A trial looking at chemotherapy and surgery for early bladder cancer (CALIBER)

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Cancer type:

Bladder cancer

Status:

Results

Phase:

Phase 2

This trial looked at different ways of treating early stage bladder cancer that had come back after initial treatment. It looked at surgery and a type of chemotherapy called mitomycin C. 

It was for people with the most common type of bladder cancer called transitional cell cancer.

This trial was open for people to join between 2015 and 2017. These results were published in 2020. 

More about this trial

Doctors usually treat bladder cancer that hasn’t grown into the muscle wall (early bladder cancer) with surgery. You then might have a type of chemotherapy called mitomycin C.  You usually have a single treatment of chemotherapy into the bladder. This is intravesical treatment. Sometimes bladder cancer can come back. And you might need more surgery and further chemotherapy into the bladder.

Researchers thought that a course of treatment Open a glossary item with mitomycin C but without surgery could be a useful treatment for bladder tumours that had a low risk of coming back. But they weren’t sure how well it worked. 

In this trial, they wanted to see if mitomycin C without surgery for people whose cancer returned was a useful alternative to surgery. 

The aims of this trial were to find out:

  • if a course of treatment with mitomycin C alone was a useful treatment for bladder cancer that had returned
  • more about the side effects
  • how treatment affected quality of life Open a glossary item 
  • if enough people would be willing to take part in a randomised trial Open a glossary item

Summary of results

The trial team found that it was possible to use mitomycin C as a treatment for people with early bladder cancer. 

About this trial
This was a phase 2 trial. 82 people took part. 

It was a randomised trial. Everyone was put into 1 of 2 groups. Neither they nor their doctor chose which group they were in. 

  • 54 people had a course of treatment with mitomycin C
  • 28 people had surgery 

 

Results
After 3 months treatment the team looked at how many people had no sign of their cancer. 

Of the 54 people who had mitomycin C only it was 20 people.

Of the 28 people who had surgery it was 21 people. 

The team looked at how many of these people still had no sign of their cancer a year after treatment.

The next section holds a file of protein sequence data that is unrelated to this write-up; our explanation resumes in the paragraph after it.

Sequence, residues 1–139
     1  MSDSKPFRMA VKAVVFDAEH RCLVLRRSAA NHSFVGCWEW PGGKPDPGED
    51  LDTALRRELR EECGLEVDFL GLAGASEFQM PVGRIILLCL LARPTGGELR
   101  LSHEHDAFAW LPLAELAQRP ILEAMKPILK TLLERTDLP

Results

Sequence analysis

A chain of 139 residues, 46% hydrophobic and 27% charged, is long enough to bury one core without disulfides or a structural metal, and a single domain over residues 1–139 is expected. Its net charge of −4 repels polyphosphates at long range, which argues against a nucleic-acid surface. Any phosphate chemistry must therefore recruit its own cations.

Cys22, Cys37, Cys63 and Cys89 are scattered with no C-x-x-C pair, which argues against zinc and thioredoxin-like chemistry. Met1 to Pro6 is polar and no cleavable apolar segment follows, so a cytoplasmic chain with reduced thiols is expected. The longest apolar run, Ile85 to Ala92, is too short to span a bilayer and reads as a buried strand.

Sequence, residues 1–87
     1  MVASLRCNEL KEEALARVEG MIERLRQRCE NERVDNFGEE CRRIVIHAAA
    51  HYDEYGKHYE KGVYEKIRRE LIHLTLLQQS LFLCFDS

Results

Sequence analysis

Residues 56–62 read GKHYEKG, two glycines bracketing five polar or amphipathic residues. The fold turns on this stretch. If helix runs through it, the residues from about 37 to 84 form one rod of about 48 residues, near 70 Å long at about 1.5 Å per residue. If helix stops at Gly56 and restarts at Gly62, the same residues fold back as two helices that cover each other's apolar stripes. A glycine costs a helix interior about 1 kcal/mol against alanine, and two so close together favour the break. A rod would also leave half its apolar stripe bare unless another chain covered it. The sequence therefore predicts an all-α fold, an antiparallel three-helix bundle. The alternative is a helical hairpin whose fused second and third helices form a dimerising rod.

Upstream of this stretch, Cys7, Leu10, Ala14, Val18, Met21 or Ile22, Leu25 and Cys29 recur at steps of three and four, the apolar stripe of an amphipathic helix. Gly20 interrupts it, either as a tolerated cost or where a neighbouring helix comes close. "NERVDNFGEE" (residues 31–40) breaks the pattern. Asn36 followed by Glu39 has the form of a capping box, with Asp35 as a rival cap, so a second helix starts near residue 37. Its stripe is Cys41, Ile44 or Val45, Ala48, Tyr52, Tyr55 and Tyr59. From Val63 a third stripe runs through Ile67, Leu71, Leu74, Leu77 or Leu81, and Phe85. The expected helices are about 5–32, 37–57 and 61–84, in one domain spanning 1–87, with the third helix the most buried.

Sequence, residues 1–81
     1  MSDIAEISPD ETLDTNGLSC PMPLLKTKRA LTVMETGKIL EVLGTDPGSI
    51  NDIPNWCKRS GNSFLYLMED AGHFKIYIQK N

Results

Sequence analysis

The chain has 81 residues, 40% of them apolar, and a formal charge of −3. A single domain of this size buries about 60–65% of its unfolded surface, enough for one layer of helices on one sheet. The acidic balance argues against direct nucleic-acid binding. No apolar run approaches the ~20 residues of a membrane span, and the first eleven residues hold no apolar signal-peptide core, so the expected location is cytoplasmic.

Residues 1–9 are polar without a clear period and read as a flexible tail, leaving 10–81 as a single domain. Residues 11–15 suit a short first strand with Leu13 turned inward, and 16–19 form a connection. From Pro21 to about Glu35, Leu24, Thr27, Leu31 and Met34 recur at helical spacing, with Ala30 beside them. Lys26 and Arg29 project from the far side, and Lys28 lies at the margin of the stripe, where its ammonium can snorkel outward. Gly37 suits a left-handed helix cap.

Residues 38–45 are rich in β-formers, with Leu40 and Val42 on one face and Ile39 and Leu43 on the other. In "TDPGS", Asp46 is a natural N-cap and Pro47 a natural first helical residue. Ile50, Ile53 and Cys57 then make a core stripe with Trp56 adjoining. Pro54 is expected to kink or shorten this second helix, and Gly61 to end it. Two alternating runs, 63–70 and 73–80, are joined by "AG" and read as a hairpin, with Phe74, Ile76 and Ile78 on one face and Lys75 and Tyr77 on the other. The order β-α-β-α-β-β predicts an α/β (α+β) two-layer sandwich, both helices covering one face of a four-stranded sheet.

Of the 20 people who had mitomycin C only 15 people did.

Of the 21 people who had surgery 15 people did. 

Quality of life
78 out of 82 people took part in the quality of life sub study:

  • 51 from the mitomycin C only group
  • 27 from the surgery group

The team looked at the quality of life of the people in both groups. They found that it was similar throughout the trial.  

Side effects
The team had information about the treatment side effects of 81 people who took part in the trial. The side effects were similar in both groups.

No one reported bad to severe side effects. 14 people reported moderate side effects. 29 people reported mild side effects.

Of the people who had surgery 7 had complications before going home. This was mostly blood in the urine. 

Conclusion
The team concluded that to treat early bladder cancer with mitomycin C was possible and safe. Having mitomycin C after surgery might slow the time it took for the cancer to come back than having surgery only. But this isn’t clear yet.

They suggest that further research is needed to find out:

  • about whether having mitomycin C before surgery might reduce the chances of cancer coming back
  • the best dose to have before surgery 

Where this information comes from    
We have based this summary on information from the research team. The information they sent us has been reviewed by independent specialists (peer reviewed Open a glossary item) and published in a medical journal. The figures we quote above were provided by the trial team who did the research. We have not analysed the data ourselves.

Recruitment start:

Recruitment end:

How to join a clinical trial

Please note: In order to join a trial you will need to discuss it with your doctor, unless otherwise specified.

Please note - unless we state otherwise in the summary, you need to talk to your doctor about joining a trial.

Chief Investigator

Mr Hugh Mostafid

Supported by

Experimental Cancer Medicine Centre (ECMC)
The Institute of Cancer Research
NIHR Clinical Research Network: Cancer
NIHR Research for Patient Benefit (RfPB) Programme

Freephone 0808 800 4040

Last review date

CRUK internal database number:

12770

Please note - unless we state otherwise in the summary, you need to talk to your doctor about joining a trial.

Charlie took part in a trial to try new treatments

A picture of Charlie

“I think it’s really important that people keep signing up to these type of trials to push research forward.”

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